words on my browsers. A pop up window opens - for some unknown reason - that
    is way too small and to make matters truly worse (and here is the real
    craziness), it itself has a further sub window within it that has scollbars.
    Surely this cannot be any kind of useful lead to any problem anyone has?).

    I wonder again about your original query: how many links are there in fact
    in the list that can be chosen by users? You have 50 "red squares"
    representing offices. You have 100 cells representing each 1/100th of the
    map. (See your original post). Why these relative figures for a start? Are
    50 of the squares not to be highlighted because not containing offices? If
    so, why have so many cells? OK, there may be reasons...

    If the list is just to 50, 50 html pages each with a cell different is not
    that bad (They are all nearly the very same following the scheme I suggested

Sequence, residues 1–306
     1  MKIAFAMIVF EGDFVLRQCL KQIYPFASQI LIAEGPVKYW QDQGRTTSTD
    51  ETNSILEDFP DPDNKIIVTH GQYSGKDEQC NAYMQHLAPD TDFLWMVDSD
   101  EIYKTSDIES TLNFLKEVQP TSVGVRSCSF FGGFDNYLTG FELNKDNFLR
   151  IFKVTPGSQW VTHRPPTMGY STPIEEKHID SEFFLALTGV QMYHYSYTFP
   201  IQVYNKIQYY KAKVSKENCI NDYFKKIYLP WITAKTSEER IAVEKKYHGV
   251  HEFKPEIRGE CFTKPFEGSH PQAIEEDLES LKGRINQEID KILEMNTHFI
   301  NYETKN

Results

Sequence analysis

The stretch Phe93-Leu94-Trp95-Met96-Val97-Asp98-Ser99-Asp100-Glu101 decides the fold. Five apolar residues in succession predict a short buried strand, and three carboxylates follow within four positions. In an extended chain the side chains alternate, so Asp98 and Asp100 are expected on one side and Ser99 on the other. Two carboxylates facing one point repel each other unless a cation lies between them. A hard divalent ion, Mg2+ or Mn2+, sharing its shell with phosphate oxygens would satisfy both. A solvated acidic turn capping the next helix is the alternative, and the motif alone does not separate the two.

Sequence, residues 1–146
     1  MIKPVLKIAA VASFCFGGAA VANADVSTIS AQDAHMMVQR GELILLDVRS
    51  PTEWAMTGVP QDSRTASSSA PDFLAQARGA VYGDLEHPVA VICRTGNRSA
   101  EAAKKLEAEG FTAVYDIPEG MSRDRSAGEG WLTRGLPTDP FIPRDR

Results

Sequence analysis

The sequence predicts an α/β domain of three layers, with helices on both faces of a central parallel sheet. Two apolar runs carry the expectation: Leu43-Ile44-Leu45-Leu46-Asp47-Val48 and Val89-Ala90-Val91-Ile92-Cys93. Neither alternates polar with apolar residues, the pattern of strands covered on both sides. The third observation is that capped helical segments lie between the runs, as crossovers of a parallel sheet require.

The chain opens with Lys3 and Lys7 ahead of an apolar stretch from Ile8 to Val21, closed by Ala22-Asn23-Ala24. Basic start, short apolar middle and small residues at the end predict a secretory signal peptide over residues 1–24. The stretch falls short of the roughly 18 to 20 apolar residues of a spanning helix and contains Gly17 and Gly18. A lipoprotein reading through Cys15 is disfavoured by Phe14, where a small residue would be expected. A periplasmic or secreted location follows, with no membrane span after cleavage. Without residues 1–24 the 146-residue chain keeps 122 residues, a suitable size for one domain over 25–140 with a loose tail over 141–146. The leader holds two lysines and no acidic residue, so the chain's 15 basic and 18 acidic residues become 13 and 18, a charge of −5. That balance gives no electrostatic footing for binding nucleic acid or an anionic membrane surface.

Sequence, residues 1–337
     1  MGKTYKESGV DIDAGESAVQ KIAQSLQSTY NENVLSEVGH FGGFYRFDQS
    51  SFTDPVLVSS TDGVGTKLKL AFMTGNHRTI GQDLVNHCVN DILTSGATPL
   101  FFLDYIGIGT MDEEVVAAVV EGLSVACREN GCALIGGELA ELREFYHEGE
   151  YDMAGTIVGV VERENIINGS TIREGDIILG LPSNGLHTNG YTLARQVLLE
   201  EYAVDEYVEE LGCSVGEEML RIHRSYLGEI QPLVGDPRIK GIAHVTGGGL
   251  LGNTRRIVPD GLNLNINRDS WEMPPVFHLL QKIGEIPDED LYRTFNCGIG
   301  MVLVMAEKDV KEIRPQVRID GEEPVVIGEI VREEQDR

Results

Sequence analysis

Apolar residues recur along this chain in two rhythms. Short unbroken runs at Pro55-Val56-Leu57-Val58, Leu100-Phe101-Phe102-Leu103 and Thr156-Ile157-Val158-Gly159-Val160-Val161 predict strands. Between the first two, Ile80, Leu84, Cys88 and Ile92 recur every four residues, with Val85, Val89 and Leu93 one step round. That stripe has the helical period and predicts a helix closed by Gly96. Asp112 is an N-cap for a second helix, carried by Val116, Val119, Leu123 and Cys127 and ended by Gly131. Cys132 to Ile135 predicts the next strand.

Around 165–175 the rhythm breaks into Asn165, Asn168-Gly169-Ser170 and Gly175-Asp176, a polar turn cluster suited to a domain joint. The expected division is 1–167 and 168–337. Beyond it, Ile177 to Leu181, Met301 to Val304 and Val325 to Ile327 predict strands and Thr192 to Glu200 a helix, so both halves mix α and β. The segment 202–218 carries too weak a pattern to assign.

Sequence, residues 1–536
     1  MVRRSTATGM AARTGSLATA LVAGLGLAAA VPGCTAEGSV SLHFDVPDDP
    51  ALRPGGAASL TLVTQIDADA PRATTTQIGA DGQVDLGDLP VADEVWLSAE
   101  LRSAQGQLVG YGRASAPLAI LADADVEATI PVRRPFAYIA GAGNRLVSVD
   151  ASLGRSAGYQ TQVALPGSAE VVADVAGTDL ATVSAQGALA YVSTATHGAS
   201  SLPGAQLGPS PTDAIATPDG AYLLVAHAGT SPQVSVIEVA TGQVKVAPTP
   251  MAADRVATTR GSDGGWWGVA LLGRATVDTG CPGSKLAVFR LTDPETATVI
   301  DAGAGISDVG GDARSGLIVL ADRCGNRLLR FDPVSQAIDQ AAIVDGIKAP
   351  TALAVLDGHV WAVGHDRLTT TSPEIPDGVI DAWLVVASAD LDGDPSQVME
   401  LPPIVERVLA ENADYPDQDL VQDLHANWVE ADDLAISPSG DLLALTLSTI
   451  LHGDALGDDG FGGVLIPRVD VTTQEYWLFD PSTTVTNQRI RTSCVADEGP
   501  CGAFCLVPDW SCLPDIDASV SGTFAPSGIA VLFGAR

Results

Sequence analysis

earlier. It is rock solid for all browsers. No rollovers, no javascript, no
    hanky panky like in this url.)

    dorayme
     
    dorayme, Jun 2, 2005
    #2
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  3. Guy Doucet

    Guy Doucet Guest

    Re: This is what I meant about highlighting a section of a largemap...

    "dorayme" <> wrote in message
    news:BEC4FD1F.122B2%...
    > > From: "Guy Doucet" <>

    >
    > > This is just an example of the real site I'm working on, but this

    example
    > > works the same way.
    > >
    > > http://www3.nbnet.nb.ca/gljsd/map/index.htm

    >
    >
    > Excuse me for not dealing with this particular url (it is too crazy for
    > words on my browsers. A pop up window opens - for some unknown reason -

    that
    > is way too small and to make matters truly worse (and here is the real
    > craziness), it itself has a further sub window within it that has

    scollbars.
    > Surely this cannot be any kind of useful lead to any problem anyone has?).


    This is just an example of how it works. In this example, I made the popup